Among the surface characterization techniques at the atomic scale, atomic force microscopy (AFM) has become a powerful tool for investigating the surface properties and has been extended to manipulate atoms, enabling the creation of novel nanostructures, particularly on insulator surfaces. On the basis of AFM, Kelvin probe force microscopy (KPFM) and electrostatic force microscopy (EFM) have been widely used to measure surface potential distributions, charge transfer and electronic/electrical properties, etc. KPFM has been applied to various surfaces with atomic resolution, including conductive, semiconductor and insulating surfaces, such as in imaging the charge distribution within a molecule. The underlying principle of KPFM is as follows: the contact potential difference (CPD) between the tip and the sample surface is detected from the shift in resonance frequency or the amplitude of the cantilever by applying AC bias voltage, which modulates the electrostatic interaction force between the tip and the sample. A DC bias voltage is used to nullify oscillating electrical forces from the CPD. In atomic-resolution KPFM, the CPD is specifically referred to as the local contact potential difference (LCPD). The surface potential distribution measured using KPFM is influenced by the CPD between a tip and surface, the effect of stray capacitance of a cantilever, fixed monopole charges, and dipole moment on surfaces and interfaces. The interpretation of atomic scale KPFM contrast studies has been controversial. Here, we describe the investigation about the contrast mechanism in KPFM with atomic resolution. First, we investigate the effect of stray capacitance on surface potential measurement using KPFM. Next, we describe the investigation of the surface potential distribution on a TiO2 (110) 1×1 surface by KPFM and atom-dependent bias-distance spectroscopic mapping. Then, we describe a new multi-image method for obtaining the frequency shift, tunneling current and LCPD on a TiO2 (110) 1×1 surface with atomic resolution.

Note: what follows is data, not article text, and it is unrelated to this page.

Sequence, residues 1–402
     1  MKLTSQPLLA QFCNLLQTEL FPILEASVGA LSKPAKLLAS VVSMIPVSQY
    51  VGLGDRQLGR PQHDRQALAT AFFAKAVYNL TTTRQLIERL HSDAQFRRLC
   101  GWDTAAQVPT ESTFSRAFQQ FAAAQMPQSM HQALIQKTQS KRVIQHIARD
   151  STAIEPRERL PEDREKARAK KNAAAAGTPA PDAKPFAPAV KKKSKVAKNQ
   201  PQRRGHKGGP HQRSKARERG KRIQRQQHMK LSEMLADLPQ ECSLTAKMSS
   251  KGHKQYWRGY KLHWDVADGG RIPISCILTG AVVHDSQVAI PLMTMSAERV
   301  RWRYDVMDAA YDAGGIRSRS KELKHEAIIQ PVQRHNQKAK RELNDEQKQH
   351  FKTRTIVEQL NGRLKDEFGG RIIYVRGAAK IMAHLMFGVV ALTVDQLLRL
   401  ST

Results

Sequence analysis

OMICS International Nanoscience 2017 International Conference Keynote Speaker Katerina Soulantica photo

Katerina Soulantica received her PhD in Chemistry from the University of Athens (Greece). After a Post-Doctoral Fellowship in the University of Valladolid (Spain) she joined the group of B Chaudret in the Laboratoire de Chimie de Coordination (Toulouse) and worked on the synthesis of metallic nanoparticles. She then joined the Laboratoire de Physique et Chimie des Nano-Objets (Toulouse). She is interested in the synthesis and formation mechanism of nanocrystals, in the tailoring of their physical and chemical properties through their structure, as well as in the design of multifunctional nanosystems for applications spanning from magnetic recording and biosensing to catalysis. 


The recent progress in the synthesis of colloidal nanocrystals by chemical routes has made available a great number of nanomaterials in a variety of sizes and shapes. Implementation of nanoscale objects in technologically important domains depends on the possibility to integrate them in various systems. Even for the best adapted candidate, some inherent characteristics are very often incompatible with specific requirements associated to each application. Magnetic nanocrystals constitute a class of materials that can be used in several applications such as magnetic recording, permanent magnets, catalysis, and biomedicine. Taking as an example metallic cobalt nanocrystals, we will discuss how chemistry can appropriately modify their shape, composition and organization, (Figure) towards applications in magnetic recording, biomolecular in vitro detection and catalysis. 

OMICS International Nanoscience 2017 International Conference Keynote Speaker John Zhu photo

Prof Zhu’s research interests exist in advanced catalysis, gas/liquid adsorption and separation, direct carbon fuel cells and solid oxide fuel cells. His publications include one edited book, 8 book chapters, and over 220 journal papers. He holds 6 patents, 3 patents have been licensed to the industrial sponsor. He has raised a total research funding from government and industries in excess of $20 million. He is the recipient of a number of awards, including RK Murphy Medal 2013, Freehills Award IChemE 2011, 2nd place Innovator of the Year Award Global IChemE 2011, the University of Queensland (UQ) Foundation Research Excellence Award in 2007. 


Solid oxide fuel cells (SOFCs) can effectively convert the chemical energy of fuels into electricity at an efficiency up to 60%. They typically operate at high temperature (800-1000oC) resulting in high costs, materials compatibility and durability challenges. Developing SOFCs that can work at intermediate temperature (500-750 oC) has thus been attracting considerable attentions. The performance of the cathode is the largest hurdle to the full realization of low temperature SOFCs. In this talk, we will introduce our recent studies on 3D Heterostructured Catalysts for highly efficient oxygen reduction reaction in SOFCs.